Matching Items (2)
- All Subjects: England
- Creators: Chotena, Chelsea
- Creators: Corse, Taylor
- Member of: Barrett, The Honors College Thesis/Creative Project Collection
The interaction between England and Scotland is complicated and continually changing. Scottish writer Sir Walter Scott examines this long-standing relationship through his various writings. Scott conveys a presence that is both acutely aware of the damages enacted upon Scotland by various English political efforts, and sensitive to the delicate relationship that the two regions had begun to form during his lifetime. Through a critical analysis of Scott's novel, Rob Roy, one can see the various strategies Scott used to balance the need to address prior controversies within the relationship, and the petition to move beyond the prior conflict and develop a mutual understanding of each culture. Through this, Scott is able to regenerate a sense of Scottish nationalism for his people, and encourage improved relations within the British Isles.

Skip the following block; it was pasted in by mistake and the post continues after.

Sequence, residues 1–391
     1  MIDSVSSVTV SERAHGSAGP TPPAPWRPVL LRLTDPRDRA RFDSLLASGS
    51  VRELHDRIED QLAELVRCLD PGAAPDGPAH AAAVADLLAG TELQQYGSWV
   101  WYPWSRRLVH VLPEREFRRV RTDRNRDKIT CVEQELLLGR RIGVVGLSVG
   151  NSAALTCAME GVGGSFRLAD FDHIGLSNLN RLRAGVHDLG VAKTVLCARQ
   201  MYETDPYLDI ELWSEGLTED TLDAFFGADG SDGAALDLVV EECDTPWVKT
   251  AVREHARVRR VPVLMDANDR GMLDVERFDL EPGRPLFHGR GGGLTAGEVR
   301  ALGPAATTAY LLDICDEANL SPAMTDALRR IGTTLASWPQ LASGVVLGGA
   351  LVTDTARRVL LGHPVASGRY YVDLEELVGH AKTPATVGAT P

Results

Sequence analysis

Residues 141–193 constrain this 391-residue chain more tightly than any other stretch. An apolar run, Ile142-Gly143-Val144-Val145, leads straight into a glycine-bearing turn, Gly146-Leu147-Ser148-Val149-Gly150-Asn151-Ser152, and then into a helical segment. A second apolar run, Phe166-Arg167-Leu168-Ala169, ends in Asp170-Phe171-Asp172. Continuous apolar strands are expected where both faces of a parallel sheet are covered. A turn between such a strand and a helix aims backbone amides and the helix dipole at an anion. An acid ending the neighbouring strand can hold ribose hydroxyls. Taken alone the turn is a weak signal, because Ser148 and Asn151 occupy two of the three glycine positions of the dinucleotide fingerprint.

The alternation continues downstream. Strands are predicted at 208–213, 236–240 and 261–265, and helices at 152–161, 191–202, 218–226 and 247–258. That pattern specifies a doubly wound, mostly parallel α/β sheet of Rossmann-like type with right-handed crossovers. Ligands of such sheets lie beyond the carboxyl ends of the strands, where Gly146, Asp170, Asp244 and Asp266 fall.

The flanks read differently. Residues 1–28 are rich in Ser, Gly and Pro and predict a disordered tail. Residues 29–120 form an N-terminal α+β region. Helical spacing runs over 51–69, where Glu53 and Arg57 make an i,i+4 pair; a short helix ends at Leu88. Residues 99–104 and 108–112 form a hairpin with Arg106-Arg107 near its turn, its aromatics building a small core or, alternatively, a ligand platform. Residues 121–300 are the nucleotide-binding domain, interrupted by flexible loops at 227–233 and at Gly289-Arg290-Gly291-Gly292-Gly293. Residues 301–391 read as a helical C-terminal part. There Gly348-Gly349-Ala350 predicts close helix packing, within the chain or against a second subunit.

The relationship between a fictional character and its reader is one built on sympathy. Likable characters who combat personal adversity or who possess culturally acceptable and praised characteristics at the time of the fictional work's publication garner compassion from its audience. Does the same kind of reader reaction occur when characters of an unfavorable social status begin to transgress specified cultural attitudes to better themselves? In this paper, I examine the role of three literary characters of illegitimate birth: Mordred in Sir Malory's Le Morte d' Arthur, Edmund in William Shakespeare's King Lear and Jon Snow in George R.R. Martin's A Game of Thrones. I question how negative cultural attitudes at the time of each work's publication affect the way each character conducts himself whether as an agent of assumed social chaos or an autonomous bastard whose actions strive to transcend his undesirable birth rank. Each of these three characters represents specific types of bastards. Both Mordred and Edmund are bastard villains. Mordred's actions are pure unforgiving evil, and his destruction is self-indulgent and justified, to the audience, due to his illegitimate birth. Edmund is more complex, as he emotionally manipulates both the reader and other characters in the play, vacillating between a victimized bastard and a power hungry political player. Jon Snow is least like Mordred and Edmund. He endures the typical Renaissance era social and familial ostracism, and works to separate himself wholly from his illegitimate reputation while subconsciously seeking to prove himself worthy of legitimate respect.